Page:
Sunday, June 3, 2018
Writing small and simple Arduino code
Although Arduino isn't my primary development platform, but I have still used it many times over the past few years. The intent of Arduino prioritized ease-of-use over efficiency, so when experienced software developers work with it, some degree of holding your nose may be necessary. Lately I've been making contributions to MicroCore, and therefore the Arduino IDE and libraries. My most recent impulse buy on Aliexpress is a 7-segment LED & pushbutton module using a TM1638 controller that sells for $1.50, so I decided to test it out using MicroCore.
I found a few existing Arduino libraries for the TM1638, all of which were rather large. The smallest one I found is TM1638lite, which still uses over half the 1KB flash in a tiny13 for anything more than a minimal use of the library. At first I considered improving the library, but soon decided the best course would be a full rewrite.
The first problem with the library is a common one since it follows the Arduino library example. That problem is creating an instance of a class when the use case is that only one instance of the class will be created. By only supporting a single attached LED&Key module, I can make the library both smaller and simpler. It also solves another problem common to classes that take pin numbers in their constructor. It is very easy to mix up the pin numbers. Take the following example:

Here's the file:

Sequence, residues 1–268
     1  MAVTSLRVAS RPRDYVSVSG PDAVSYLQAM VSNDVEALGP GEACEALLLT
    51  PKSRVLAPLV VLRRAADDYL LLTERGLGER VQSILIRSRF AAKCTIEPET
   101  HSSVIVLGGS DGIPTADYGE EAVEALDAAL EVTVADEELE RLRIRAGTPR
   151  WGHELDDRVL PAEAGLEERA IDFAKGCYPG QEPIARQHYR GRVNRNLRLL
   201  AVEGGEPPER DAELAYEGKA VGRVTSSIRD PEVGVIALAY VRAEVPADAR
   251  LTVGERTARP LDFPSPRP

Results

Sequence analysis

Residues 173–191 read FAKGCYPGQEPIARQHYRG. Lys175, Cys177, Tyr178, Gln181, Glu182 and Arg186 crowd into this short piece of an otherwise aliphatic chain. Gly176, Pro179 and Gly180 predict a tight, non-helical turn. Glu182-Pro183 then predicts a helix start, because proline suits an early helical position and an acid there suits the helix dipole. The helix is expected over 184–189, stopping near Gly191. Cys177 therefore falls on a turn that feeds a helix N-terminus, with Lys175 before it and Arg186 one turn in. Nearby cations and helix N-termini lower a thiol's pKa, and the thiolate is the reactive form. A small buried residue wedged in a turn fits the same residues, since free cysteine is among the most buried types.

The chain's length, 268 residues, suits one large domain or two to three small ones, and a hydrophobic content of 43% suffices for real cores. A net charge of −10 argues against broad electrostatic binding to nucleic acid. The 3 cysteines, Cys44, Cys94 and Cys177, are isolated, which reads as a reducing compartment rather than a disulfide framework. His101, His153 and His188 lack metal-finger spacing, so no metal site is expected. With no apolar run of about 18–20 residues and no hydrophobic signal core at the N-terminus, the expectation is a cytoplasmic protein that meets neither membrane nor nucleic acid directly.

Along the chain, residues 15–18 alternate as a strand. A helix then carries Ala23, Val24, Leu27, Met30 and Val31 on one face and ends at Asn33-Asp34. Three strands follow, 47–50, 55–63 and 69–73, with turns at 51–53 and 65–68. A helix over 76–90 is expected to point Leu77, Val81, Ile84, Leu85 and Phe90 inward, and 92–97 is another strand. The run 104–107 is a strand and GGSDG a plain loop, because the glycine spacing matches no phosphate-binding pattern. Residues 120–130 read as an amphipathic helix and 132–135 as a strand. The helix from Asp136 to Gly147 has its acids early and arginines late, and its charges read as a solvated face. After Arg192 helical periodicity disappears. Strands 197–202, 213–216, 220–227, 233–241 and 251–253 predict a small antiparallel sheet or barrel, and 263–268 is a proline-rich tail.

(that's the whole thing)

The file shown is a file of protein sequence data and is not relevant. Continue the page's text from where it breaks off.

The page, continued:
TM1638lite tm(4, 7, 8);
Without looking at the library source or documentation, you might think data is pin 4, clock is pin 7 and strobe is pin 8. Named parameters would solve that problem, but the issue of unnecessarily large code size would remain. I decided to use a static class in a single header file, which minimizes code size and still maintains type safety. Writing "const byte TM1638NR::STROBE = 4;" makes it obvious that strobe is pin 4. With the default Arduino compiler optimization setting, no space is used to sore the STROBE, CLOCK, and DATA variables; they are compiled into the resulting code.
Another improvement I made was related to displaying characters on the 7-segment display. TM1638lite uses a 128-byte array to map the segments to light up for a given ASCII character. Since 7-segment displays can't display characters like "K" and "W", or distinguish "0" from "O", I limited the character set to hex digits 0-9 and "AbCdEF". The second improvement I made was to store the array in flash (PROGMEM).
I made some additional improvements by code refactoring, and I added the ability to set the display brightness with an optional parameter to the reset() method. With the final version of the library, the buttons example compiles on the tiny13 to only 270 bytes of code. You can find the library in my github repo: